Dr. John F. Murray shares the latest in sports psychology research and practice and gives his expert interpretation on how this can help.
Sports Correlates with Reduced Depression in Boys as Young as 9
Adult depression has been shown to associate with reduced hippocampus size, a cortical area that is instrumental in memory functioning and stress coping. The latest research now shown from Washington University in St. Louis has linked participation in team sports to larger hippocampal volumes in children and less depression in boys ages 9 to 11.
These findings were most robust for kids engaging in athletic activities that included a lot of structure such as a school team, a non-school league or frequent lessons, as compared to more casual sports participation, according to the study, which is about to be released in the Journal Biological Psychiatry: Cognitive Neuroscience and Neuroimaging.
These discoveries suggest that there is some additional gains of the team or structured part of sports, such as the social engagement or the regularity that these activities provide, said Deanna Barch, senior author on the study and chair of the Department of Psychological & Brain Sciences in Arts & Sciences and the Gregory B Couch Professor of Psychiatry at Washington University School of Medicine in St. Louis.
Parents answered surveys on their child’s participation in sports and other activities and on symptoms of depression. Brain scans on the kids included data on their bilateral hippocampal volume. While much research has shown the positive impact of exercise on depression and the connection with hippocampal volume in adults, this study is among the first to demonstrate that participation in team sports may have similar anti-depressant effects in preteen children.
There were gender differences found. Findings showed an association between sports involvement and hippocampal volume in girls, but no added association with depression. This suggests that other factors contribute to depression in girls, or that a bigger association to sports involvement might emerge at a later developmental period for girls. It’s possible that participating in sports leads to increased hippocampal volume and decreased depression, or that children who are more depressed are less likely to engage in sports and also have smaller hippocampal volume. Either scenario could have important implications for understanding childhood depression.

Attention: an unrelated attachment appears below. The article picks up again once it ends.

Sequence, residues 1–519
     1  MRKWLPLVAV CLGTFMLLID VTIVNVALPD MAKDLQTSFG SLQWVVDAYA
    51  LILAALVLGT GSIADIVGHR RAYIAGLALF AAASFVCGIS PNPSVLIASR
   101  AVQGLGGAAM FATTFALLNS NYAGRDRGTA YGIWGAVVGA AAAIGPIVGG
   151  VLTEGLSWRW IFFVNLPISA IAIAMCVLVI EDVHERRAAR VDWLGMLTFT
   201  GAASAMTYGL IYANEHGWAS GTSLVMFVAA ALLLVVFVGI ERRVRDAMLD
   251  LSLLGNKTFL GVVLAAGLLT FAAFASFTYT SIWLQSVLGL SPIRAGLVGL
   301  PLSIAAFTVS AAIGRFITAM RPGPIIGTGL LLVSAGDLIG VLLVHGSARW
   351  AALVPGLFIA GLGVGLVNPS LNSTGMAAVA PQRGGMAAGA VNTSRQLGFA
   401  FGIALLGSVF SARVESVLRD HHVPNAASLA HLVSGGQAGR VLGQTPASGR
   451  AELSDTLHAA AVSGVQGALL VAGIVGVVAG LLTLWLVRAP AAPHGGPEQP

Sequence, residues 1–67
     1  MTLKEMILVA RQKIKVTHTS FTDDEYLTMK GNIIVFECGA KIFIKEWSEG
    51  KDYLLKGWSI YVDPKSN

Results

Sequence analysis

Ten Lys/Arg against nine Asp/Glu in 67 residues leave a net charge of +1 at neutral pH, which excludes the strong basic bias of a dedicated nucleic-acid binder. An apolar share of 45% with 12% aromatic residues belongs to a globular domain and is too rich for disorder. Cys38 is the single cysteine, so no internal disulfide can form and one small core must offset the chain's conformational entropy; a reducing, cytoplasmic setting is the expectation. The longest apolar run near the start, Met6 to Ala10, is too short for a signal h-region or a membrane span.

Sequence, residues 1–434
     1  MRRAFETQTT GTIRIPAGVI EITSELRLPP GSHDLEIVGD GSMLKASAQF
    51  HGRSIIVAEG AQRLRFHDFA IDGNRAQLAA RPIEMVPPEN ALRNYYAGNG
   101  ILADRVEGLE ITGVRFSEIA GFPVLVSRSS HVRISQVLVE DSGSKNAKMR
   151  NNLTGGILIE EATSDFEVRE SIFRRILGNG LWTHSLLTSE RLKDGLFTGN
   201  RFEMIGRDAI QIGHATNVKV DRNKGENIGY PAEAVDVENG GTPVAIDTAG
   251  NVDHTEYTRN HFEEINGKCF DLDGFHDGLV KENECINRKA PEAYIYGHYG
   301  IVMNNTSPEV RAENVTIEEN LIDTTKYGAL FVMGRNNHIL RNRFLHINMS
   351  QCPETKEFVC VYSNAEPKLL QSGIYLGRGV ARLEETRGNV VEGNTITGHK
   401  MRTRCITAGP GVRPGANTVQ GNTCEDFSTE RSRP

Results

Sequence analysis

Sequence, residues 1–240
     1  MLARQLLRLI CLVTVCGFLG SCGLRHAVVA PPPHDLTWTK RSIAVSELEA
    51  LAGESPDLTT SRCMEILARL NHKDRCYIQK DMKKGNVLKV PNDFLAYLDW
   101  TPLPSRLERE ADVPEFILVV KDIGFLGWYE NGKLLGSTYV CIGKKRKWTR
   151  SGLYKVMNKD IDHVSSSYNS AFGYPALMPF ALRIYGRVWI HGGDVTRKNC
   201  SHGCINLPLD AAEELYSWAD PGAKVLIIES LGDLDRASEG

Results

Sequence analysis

Finding definitive links between team sports on brain development and mood would offer huge support for encouraging children to engage in structured sports that provide both exercise and social interaction.
DR. JOHN F. MURRAY’S TAKE: IN THIS BLOG, WE SEE A FASCINATING STUDY THAT SHOWS HOW IMPORTANT SPORTS PROBABLY ARE, AND ESPECIALLY TEAM SPORTS, TO CHILDREN, THEIR MOODS, AND THEIR ACTUAL BRAIN STRUCTURE. SPORTS PSYCHOLOGY IS OFTEN SEEN AS JUST HELPING ATHLETES AND EXECUTIVES WIN, BUT THIS KIND OF RESEARCH SHOWS THAT WINNING MIGHT INCLUDE MORE BASIC MENTAL WELL BEING. IF WE CAN MAKE THIS LINK MORE CERTAIN WITH FUTURE STUDIES, THERE IS NO DOUBT THAT ALL IN HEALTH FIELDS WILL BE EVEN MORE EAGER TO RECOMMEND STRUCTURED TEAM SPORTS ACTIVITIES FOR ALL CHILDREN AND THIS WILL LIKELY BE AN IMPORTANT MESSAGE TO PARENTS VERY SOON. SEE ALL THE EXCITING UPDATES AT MY MAIN PAGE AT JOHNFMURRAY.COM AND THE DEVELOPING NEW SITE AT SPORTSPSYCHOLOGY.COM.
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